• EMT or Paramedic, (Firefighter by time of appointment to the position)
  • At least 21 years of age

The best place to start here is by looking at the capital of Juneau. As I mentioned before, the age restrictions are tougher here.

There is a lot to consider with the different types of residents and tourists on land and at sea. This city offers a service that is a combination department with different roles. There are 36 career staff working alongside 40 volunteers and an additional 9 administrative staff members.

Juneau is small as a city but large for the state of Alaska. There is a population of over 31,000 that live there all year round. But, it is important to remember that this can increase by as much as 18,000 people when the large cruise ships come in.

The capital has an area of 3,255 square miles and is the third-largest municipality in the United States.

All trainees that work here need to develop a wide skill set because of the urban population, the outlying landscape and the work around the port.

This means high angle rope, hazmat and water rescue training. Learn more about working in Juneau by following this link.

How to Become a North Pole Firefighter

  • 19 years of age
  • Valid Alaska Driver’s License
  • State of Alaska EMT
  • State of Alaska Firefighter 1
  • Excellent Physical Condition

Even the most northerly districts in Alaska need fire service coverage. North Pole might not have the most intense schedule of operations and incidents but there are still major risk factors.

The department covers an area of 4.2 square miles and just over 2000 people. It is a Subarctic area which means a lot of icy roads alongside businesses and homes that need protection.

The minimum qualifications here are also quite strict in terms of age and the training of the applicant. They expect all new recruits to come in with a lot of certifications already under their belts.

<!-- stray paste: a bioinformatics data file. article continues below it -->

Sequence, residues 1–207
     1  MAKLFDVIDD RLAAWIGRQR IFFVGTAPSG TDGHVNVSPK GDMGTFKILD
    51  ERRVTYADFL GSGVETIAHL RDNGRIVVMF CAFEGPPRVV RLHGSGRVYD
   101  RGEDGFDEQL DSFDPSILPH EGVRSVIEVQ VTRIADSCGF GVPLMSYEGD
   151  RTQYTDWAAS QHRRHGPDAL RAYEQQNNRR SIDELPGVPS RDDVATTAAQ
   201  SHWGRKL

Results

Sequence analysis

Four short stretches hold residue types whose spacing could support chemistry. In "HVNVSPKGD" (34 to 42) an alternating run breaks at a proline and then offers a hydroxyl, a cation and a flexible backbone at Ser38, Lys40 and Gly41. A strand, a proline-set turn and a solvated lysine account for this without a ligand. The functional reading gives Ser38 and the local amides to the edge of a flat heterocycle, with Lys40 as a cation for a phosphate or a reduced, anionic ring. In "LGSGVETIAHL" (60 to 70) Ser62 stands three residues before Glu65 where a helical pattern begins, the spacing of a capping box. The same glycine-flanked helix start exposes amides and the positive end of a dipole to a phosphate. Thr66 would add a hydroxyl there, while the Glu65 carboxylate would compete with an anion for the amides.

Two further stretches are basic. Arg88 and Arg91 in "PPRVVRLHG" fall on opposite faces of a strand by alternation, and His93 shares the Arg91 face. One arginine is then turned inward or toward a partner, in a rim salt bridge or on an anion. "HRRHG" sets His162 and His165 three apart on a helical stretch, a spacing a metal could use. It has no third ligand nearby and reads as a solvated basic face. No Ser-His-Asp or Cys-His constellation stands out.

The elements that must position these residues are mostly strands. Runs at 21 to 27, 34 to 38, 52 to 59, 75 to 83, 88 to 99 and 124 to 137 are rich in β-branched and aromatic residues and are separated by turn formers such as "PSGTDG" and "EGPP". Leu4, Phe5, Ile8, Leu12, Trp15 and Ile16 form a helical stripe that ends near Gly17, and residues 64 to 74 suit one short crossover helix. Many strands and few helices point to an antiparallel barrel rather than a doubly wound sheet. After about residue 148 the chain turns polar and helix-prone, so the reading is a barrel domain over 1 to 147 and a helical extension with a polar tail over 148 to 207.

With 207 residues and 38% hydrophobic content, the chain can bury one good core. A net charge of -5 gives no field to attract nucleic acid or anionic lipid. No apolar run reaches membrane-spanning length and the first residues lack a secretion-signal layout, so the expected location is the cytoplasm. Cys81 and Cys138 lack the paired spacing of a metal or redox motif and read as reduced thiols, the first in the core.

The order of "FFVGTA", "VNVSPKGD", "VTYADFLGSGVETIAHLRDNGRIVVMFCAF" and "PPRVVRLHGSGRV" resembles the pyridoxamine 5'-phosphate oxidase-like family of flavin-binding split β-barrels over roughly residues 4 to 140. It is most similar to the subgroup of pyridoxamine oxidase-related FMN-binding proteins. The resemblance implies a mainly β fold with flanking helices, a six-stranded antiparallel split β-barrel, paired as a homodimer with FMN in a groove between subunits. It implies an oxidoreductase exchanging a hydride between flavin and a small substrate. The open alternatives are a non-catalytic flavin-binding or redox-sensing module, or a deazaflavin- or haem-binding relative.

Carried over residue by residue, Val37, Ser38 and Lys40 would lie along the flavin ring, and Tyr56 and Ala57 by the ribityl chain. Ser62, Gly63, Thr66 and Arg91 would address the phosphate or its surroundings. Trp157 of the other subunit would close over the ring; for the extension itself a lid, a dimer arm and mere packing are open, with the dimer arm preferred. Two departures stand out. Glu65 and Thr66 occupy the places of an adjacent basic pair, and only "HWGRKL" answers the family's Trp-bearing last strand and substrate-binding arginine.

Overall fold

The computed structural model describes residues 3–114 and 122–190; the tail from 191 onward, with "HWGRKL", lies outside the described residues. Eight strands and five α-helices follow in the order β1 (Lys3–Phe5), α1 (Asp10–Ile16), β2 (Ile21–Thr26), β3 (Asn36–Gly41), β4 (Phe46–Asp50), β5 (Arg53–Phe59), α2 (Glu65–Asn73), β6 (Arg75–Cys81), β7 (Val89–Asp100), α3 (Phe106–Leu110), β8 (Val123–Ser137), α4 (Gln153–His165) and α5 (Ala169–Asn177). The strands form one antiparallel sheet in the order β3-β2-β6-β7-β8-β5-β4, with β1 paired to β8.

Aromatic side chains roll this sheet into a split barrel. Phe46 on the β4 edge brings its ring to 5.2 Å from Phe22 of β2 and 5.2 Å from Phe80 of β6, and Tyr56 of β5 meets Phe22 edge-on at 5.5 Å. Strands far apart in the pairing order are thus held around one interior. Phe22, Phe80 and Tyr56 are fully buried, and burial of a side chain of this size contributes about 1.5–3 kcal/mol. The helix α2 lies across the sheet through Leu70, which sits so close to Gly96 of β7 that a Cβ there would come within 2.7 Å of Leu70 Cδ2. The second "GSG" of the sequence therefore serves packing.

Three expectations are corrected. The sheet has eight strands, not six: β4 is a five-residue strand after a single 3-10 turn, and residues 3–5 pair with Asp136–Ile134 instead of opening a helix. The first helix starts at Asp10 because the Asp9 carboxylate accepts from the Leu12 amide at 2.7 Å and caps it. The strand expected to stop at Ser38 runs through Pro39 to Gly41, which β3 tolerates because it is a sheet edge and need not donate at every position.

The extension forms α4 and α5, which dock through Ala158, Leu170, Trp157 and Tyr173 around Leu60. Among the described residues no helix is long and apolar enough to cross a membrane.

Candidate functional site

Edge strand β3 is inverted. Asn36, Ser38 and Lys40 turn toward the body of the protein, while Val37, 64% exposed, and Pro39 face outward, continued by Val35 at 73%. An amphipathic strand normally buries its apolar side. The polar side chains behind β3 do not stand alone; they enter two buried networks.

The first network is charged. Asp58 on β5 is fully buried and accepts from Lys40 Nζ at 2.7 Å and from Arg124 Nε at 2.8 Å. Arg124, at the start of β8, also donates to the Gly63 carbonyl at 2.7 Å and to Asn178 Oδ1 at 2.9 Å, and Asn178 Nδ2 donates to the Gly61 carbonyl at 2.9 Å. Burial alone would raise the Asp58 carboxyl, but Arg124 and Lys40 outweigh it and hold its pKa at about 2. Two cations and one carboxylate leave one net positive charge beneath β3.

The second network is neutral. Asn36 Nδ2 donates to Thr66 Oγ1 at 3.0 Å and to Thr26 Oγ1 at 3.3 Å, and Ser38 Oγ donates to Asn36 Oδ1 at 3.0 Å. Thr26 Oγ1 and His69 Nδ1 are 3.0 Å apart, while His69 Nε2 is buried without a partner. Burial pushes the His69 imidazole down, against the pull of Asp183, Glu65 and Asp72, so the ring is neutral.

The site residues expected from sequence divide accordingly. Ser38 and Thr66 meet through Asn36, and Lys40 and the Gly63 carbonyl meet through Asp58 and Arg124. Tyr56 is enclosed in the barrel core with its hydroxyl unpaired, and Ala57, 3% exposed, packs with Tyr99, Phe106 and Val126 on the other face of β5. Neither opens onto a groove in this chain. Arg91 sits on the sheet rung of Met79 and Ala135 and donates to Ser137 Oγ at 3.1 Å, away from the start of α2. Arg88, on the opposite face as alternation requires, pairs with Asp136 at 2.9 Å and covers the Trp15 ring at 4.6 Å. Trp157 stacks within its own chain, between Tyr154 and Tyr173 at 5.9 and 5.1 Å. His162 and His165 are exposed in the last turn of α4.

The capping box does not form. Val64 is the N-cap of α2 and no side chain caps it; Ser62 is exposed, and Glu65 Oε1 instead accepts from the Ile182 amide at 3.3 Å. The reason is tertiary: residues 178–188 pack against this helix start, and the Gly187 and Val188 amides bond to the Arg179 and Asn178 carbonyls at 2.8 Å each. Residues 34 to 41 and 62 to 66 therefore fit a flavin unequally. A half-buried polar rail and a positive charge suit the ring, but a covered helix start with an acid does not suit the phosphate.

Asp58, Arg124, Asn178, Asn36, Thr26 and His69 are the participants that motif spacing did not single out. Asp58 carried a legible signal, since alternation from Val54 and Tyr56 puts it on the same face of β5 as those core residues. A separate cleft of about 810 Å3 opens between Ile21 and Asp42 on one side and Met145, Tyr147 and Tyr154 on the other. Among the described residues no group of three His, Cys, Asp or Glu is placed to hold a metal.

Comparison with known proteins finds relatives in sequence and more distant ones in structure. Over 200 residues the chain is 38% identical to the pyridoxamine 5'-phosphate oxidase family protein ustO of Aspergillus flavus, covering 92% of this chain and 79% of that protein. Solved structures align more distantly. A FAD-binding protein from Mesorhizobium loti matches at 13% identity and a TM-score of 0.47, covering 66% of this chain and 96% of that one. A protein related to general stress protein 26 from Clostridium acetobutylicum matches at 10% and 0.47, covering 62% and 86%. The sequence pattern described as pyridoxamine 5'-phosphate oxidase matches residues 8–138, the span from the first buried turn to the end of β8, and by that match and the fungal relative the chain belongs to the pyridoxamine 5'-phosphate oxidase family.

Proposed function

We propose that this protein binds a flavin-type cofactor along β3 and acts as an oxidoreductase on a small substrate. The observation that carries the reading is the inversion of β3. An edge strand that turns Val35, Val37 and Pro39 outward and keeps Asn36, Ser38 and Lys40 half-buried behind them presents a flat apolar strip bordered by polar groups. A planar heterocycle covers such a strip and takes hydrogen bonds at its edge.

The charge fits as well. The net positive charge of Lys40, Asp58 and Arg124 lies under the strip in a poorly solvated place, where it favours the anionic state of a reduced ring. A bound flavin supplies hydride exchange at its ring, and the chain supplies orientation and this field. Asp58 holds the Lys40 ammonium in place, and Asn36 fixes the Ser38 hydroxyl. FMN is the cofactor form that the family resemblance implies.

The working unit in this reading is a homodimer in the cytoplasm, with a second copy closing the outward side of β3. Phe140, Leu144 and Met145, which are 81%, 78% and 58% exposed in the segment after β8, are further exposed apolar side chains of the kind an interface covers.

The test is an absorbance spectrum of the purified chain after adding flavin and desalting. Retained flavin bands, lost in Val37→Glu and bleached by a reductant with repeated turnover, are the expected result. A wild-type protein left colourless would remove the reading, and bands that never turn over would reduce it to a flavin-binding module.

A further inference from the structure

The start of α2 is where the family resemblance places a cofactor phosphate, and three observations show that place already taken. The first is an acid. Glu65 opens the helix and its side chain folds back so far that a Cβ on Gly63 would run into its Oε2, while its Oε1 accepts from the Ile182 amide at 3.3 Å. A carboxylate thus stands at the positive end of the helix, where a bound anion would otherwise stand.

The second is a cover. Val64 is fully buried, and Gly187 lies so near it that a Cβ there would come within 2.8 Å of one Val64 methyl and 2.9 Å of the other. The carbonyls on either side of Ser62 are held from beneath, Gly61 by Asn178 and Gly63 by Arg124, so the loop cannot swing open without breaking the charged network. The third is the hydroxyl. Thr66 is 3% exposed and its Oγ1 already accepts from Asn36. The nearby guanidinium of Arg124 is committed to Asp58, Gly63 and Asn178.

There preferred qualifications include the State of Alaska Firefighter 2 certificate, EMT or Paramedic certification and 2 years full-time experience.

Find out more about this department at the following link.

Job Prospects for Firefighters in Alaska

Alaska’s non-metropolitan area offered a mean annual wage of $53,980 and hourly of $25.95.

There were 2.45 jobs per 1000 people, mean annual wage across the whole country of $51,110. This means that the non-metropolitan area was the 5th highest paying in the US.

The mean wage generally is also high compared to many states across America. This may come down to the experience needed to fulfill all of the paid roles and any compensation for difficult conditions.

https://www.bls.gov/oes/current/oes332011.htm#st

Alaska is an interesting place if you’re interested in how to become a firefighter in Alaska. There are experiences here seen nowhere else because of the challenges of the landscape and the remoteness of the different communities.

Volunteer firefighters can make a start in their career aged 18, train and get valuable experience and then progress to career positions in top departments as they get older. Anyone with the skill and determination to achieve their goals can do well as a firefighter in Alaska.